A bit of shopping today ... there was a book I wanted for my holidays and I was also after a pair of sunglasses after my last ones went AWOL at Wembley.
I went to Boots with a half-price voucher for shades, which was handy. All the staff in the optical department wear spectacles, probably whether they need them or not. Here I saw examples of both the best type and worst type of customer services.
The best was when an old and severely physically disabled lady, with a profound speaking problem, was trying to get a new pair of specs. The sales assistant who dealt with her was the epitome of patience and thoroughness, listening carefully as she dealt with the lady's needs, sorted out her eye test and came back with numerous pairs of glasses, helping them over the lady's eyes, checking her hair wasn't caught and generally putting on a display of concern and assistance which impressed me greatly. It was outstanding. I hope her store manager and Boots as a whole is proud of her.
The worst was when another sales assistant started to deal with a customer's request to collect her new contact lenses. Just then, the phone rang - and she answered it. Whether it's internal or a customer, the phone comes a poor second to the person standing in front of you, needing your service and help, especially when you've already begun to deal with their custom. The conversation on the phone - it was internal, as far as I could tell - was brief, but brief is still too long when someone requires your attention. I expect this of disinterested late-night petrol station types, but not sales assistants in major high street chains.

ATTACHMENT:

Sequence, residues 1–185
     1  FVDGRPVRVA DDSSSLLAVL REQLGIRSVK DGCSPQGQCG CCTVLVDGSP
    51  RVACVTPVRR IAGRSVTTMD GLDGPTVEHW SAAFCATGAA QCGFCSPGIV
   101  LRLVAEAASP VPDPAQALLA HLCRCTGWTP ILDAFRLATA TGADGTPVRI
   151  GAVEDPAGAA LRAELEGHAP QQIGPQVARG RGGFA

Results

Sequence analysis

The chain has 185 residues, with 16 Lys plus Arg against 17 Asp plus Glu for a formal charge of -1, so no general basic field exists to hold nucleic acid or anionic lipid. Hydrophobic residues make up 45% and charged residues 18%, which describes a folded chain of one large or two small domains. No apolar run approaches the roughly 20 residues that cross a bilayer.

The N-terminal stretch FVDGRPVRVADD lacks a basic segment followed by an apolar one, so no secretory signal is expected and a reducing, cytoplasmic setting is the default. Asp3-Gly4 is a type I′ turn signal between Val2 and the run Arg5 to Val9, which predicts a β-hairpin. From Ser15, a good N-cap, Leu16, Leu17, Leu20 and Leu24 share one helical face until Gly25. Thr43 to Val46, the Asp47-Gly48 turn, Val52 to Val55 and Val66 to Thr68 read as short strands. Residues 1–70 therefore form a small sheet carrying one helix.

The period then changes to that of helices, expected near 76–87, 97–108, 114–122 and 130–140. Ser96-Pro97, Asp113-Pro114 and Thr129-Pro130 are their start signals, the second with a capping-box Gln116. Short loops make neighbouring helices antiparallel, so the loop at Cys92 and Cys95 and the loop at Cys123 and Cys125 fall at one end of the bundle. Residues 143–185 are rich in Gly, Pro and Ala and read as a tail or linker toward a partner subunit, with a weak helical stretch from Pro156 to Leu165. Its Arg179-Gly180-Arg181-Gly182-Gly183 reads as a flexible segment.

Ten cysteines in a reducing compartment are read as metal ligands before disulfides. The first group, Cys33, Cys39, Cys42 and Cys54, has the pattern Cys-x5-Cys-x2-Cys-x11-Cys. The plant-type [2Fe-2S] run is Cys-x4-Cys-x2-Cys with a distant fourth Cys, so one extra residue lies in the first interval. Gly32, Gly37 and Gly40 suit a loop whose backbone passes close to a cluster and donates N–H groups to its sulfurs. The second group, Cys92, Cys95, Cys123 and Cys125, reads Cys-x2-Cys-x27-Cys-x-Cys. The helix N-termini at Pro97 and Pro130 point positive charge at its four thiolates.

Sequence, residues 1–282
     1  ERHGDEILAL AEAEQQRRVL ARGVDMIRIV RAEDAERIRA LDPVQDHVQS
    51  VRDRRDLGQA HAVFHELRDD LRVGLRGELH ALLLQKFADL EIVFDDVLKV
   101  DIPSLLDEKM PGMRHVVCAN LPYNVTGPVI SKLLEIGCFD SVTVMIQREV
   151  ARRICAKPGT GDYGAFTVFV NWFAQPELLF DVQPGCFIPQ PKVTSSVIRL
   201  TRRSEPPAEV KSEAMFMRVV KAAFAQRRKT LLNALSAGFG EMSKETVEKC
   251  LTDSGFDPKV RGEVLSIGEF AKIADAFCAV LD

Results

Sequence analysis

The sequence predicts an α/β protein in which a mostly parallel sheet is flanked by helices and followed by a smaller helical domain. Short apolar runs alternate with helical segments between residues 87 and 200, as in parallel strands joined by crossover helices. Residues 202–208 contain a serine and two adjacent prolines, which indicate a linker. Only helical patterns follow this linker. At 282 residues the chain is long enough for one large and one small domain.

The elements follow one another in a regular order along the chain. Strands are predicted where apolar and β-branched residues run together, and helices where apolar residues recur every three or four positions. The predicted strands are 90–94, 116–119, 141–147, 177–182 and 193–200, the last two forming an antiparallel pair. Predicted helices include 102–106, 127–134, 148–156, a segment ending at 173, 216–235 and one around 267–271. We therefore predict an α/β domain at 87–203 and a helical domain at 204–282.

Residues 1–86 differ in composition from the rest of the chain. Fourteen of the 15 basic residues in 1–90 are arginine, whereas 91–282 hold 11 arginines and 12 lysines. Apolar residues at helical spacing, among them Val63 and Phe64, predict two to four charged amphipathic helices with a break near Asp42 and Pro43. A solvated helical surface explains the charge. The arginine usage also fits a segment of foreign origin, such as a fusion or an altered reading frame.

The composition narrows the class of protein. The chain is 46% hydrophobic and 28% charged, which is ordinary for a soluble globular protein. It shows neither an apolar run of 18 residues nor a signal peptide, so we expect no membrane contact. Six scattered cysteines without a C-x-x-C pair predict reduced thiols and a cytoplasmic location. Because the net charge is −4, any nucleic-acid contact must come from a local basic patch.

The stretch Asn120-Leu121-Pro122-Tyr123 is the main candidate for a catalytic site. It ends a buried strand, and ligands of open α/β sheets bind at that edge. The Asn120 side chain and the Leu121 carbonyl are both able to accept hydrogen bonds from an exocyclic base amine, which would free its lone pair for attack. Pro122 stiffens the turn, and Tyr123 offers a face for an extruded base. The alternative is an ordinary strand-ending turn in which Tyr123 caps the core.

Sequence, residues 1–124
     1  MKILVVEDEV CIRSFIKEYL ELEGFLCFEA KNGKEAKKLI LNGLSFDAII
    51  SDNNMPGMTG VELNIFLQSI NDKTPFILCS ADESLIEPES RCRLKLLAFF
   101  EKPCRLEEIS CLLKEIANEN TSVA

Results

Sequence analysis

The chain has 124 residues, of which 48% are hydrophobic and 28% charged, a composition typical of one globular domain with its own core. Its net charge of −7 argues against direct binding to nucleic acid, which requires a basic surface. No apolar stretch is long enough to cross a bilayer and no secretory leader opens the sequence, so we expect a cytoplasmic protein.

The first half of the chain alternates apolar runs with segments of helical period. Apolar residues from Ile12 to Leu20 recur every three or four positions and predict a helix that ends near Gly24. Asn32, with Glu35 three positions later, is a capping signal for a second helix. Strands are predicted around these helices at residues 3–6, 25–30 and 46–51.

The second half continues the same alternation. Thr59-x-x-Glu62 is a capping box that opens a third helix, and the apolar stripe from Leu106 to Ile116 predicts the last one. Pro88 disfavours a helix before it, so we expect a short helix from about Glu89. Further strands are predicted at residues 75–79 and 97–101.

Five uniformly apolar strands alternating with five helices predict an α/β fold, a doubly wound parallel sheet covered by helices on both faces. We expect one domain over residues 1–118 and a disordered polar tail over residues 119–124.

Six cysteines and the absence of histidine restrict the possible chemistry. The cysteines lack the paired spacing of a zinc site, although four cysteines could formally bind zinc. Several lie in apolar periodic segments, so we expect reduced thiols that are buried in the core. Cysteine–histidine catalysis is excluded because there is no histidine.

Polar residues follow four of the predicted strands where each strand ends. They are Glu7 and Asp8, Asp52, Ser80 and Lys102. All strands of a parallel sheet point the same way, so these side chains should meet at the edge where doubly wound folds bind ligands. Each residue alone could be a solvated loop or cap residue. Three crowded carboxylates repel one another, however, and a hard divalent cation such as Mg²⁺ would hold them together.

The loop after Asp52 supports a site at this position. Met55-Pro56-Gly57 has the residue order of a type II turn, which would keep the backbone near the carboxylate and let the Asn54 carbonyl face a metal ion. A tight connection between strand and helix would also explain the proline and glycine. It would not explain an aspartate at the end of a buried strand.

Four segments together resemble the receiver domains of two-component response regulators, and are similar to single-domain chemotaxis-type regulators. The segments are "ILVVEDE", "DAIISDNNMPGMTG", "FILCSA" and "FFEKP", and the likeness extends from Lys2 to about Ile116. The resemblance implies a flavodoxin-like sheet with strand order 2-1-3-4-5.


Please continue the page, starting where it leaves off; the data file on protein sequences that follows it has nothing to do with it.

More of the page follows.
Anyway, I got my half-price shades. If I lose these at Wembley I won't mind, as it means we'll have been to Wembley again, this time for a cup final. And we may have won.
I left Boots for Waterstones and got the book too. While browsing the shelves, I noticed also there was a biography of Lorraine Kelly (no, I didn't purchase it) which was sub-titled "The Biography of TV's Best-Loved Presenter."
Now I'm quite a fan of Lorraine Kelly, but that's a remarkable example of overstatement if I ever saw one.